We love it when good companies buy back stock at decent prices. When a stock is trading below its intrinsic value, buybacks give remaining shareholders a larger slice of the pie without lifting a finger and increase the value of their holding (see The case for share buybacks).
Insurance Australia Group is doing just that. The company has announced a $300m off-market buyback, which is to be funded by existing cash and investments. Buybacks aren’t always a good thing, but with IAG towards the lower end of our price guide and extra cash freed up by a deal with Berkshire Hathaway, we think this one makes sense.
Growth low; competition high
Lower income from investment portfolio
Berkshire deal was positive
The news adds some sizzle to an otherwise mediocre full-year result. Gross written premium (GWP) – an insurer’s measure of revenue – fell 1% due to what management described as ‘the most competitive conditions in almost four decades’ at the interim result.
The Australian Consumer division – IAG’s largest, accounting for half of revenue – increased GWP by 3.3% and improved its underlying insurance margin from 13.9% to 16.0%, with fewer natural peril claims than expected. Unfortunately, the Business division didn’t fare well, with GWP down 6.7%. The underlying margin, however, increased from 3% to 10%, again due to fewer claims.
IAG’s New Zealand business (19% of total GWP) continued to deliver strong profitability, with an underlying margin of 16.9% (up from 15.9%). Unfortunately, premium growth in direct personal lines was offset by a decline in the commercial segment, so GWP fell 4%.
Lower investment income
IAG’s $13bn investment portfolio was hit hard by lower yields on the company’s fixed-interest investments and poorly performing stock markets. Total investment income fell 29% to $560m. The lower investment income was also the biggest contributor to the 14% fall in net profit to $625m.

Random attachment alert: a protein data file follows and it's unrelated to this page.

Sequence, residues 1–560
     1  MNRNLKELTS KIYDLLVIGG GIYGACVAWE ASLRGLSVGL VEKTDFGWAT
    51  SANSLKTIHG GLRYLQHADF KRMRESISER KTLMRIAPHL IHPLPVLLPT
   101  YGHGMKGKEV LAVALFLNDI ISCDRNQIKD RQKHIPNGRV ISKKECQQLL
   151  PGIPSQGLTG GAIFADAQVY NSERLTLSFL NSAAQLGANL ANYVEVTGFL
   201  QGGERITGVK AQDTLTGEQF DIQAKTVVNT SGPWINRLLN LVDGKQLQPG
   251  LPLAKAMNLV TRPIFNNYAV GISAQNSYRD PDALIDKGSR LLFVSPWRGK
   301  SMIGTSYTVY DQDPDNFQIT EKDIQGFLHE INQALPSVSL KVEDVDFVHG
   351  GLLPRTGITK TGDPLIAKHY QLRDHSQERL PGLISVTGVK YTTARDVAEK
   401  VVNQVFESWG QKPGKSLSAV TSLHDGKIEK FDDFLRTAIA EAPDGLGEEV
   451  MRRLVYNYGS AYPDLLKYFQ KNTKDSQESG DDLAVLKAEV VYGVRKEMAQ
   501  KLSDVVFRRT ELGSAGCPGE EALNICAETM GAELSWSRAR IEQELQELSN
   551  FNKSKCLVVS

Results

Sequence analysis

|Year to June||2016||2015|| /(–)
|Insurance profit ($m)||1,178||1,103||7|
|Net Profit ($m)||625||728||(14)|
|Final Dividend||13 cents, fully franked, (down 19%)
ex date 5 Sept
On the bright side, IAG’s quota share arrangement with Berkshire Hathaway is working as planned, having now been in effect since July 2015.
To recap, Berkshire now receives 20% of IAG’s gross written premium and pays 20% of claims between now and 2026.
Management said the deal had: (1) reduced IAG’s earnings volatility due to the exchange of insurance risk for a fee paid by Berkshire to use the IAG brand; (2) increased the company’s underlying margin by 2.5%; and (3) reduced IAG’s regulatory capital requirement by $400m, with an extra $300m decrease expected over the next few years.
Until interest rates start to rise, low investment returns are likely to be the norm and, despite growing competition, the company's return on equity still came in at a respectable 13.0%. Unfortunately, management expects GWP to be flat again in 2017 with an insurance margin of 12.5–14.5%. With a price-earnings ratio of 22 and a fully franked dividend yield of 4.4%, we continue to recommend you HOLD.